IS: These bonds look different for every black girl and women. There are black women who grew up with a whole crew of black girlfriends; black women who were the only black person in their school or neighborhood; black women whose aesthetics have been deemed “unacceptable” for black womanhood. All these experiences live alongside one another in this anthology and I hope to do some work to counteract any myths of some monolithic experience of black womanhood. Black women have often found themselves historically and culturally cast into the role of caretakers and protectors, and what was beautiful about working with Mo and Jamila was us as black women coming together to protect, nurture and create space for ourselves.
OKP: To those who have read Vol. 1 and are now hoping to get their hands on Vol. 2, Ms. Jamila Woods, may you share with the reader a non-spoilerific explanation at how Black Girl Magic deepens the work of the first book while breaking the mythology of hip-hop as an all-boys club? Also, may you speak on your own personal favorite pieces that you might go back to refill your spirit or add a bit of inspiration to your own work?
JW: This book features some poems that deal explicitly with hip-hop artists, such as “Ode to Fetty Wap” by Roya Marsh and “Cardi B Tells Me About Myself” by Eboni Hogan. There are also rappers like Noname and Lin-Z that contributed to the anthology. There are also examples of hip-hop poetic practice throughout the book: poems that use sampling, allusions, and shout-outs, poems that talk about places and represent where the speaker comes from, poems of affirmation and ego trippin’.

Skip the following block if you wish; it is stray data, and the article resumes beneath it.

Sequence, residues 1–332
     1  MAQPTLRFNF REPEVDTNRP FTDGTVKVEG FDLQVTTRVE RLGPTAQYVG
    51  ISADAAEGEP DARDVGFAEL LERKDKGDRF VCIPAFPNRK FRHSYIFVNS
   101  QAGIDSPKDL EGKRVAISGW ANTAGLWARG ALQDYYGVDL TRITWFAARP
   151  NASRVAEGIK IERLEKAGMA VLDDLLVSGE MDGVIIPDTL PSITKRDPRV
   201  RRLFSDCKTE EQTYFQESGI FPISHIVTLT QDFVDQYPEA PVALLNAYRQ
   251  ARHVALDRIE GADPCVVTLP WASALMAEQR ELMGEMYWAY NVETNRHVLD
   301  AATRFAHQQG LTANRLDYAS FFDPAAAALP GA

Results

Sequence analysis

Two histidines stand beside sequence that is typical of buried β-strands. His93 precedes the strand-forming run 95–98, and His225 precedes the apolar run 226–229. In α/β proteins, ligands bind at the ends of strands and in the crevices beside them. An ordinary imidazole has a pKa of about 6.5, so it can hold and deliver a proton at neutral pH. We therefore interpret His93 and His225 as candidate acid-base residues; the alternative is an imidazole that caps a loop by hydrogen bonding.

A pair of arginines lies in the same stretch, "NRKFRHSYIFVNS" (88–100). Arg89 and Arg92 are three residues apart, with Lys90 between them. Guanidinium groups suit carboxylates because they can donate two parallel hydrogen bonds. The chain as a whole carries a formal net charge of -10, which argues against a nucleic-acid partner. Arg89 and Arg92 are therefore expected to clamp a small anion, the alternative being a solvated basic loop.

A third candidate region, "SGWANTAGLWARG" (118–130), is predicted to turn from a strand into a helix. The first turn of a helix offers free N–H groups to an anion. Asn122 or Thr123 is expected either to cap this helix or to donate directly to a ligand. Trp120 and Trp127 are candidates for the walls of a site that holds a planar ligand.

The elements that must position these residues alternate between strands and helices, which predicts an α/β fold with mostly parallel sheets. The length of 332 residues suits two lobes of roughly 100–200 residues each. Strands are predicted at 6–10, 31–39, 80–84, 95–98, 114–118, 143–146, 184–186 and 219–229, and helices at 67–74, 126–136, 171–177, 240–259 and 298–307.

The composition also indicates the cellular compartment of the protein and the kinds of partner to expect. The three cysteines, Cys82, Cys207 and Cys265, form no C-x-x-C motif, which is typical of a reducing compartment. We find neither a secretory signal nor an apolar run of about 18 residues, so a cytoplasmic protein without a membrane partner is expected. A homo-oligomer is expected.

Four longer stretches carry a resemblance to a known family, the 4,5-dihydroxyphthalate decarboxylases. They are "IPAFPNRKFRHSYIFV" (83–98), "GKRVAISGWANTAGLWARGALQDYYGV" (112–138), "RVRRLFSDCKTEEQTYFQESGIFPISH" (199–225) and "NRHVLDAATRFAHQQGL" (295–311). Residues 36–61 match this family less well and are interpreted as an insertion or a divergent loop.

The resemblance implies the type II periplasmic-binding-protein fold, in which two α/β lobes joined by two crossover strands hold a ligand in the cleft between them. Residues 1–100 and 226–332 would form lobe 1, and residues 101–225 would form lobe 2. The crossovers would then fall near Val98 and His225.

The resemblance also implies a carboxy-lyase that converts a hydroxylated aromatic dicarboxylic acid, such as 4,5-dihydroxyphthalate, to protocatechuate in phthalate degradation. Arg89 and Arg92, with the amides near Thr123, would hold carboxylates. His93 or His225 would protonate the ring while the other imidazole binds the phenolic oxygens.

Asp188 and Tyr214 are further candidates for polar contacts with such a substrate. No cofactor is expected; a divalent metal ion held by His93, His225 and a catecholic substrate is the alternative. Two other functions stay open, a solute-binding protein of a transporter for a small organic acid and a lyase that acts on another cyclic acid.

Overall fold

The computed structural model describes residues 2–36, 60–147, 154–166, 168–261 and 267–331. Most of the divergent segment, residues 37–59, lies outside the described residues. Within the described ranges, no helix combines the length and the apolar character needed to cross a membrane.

In addition to utilizing these elements of what we call “breakbeat poetics,” this anthology also offers a way of shifting the way we view black women in hip-hop. Ava Duvernay said, “To be a woman who loves hip-hop at times is to be in love with your abuser.” This book presents an alternate view of hip-hop that places black women and femmes at the center of the cipher and allows readers a more expansive view of our contributions to hip-hop cultural practice. For very real reasons, the narrative is often that black women are on the margins, but if we dig deeper it’s clear that there is a legacy of black women writers and artists who paved the way for hip-hop to exist.
I’ve been thinking a lot about the tradition of black women quilting during slavery times, stitching together pieces of old cloth to create something new that served as a tool for liberation. I can’t really think of anything more hip-hop than that. Those kinds of practices were a precursor to hip-hop as we know it.
OKP: Bringing up the March for Our Lives again, I wanted to get everyone’s thoughts and initial reactions to hearing the speeches by 11-year-old Naomi Wadler and Dr. Martin Luther King, Jr.’s nine-year-old granddaughter, Yolanda Renee King. What was it about seeing those moments in such a historical context that might’ve given you hope for the future?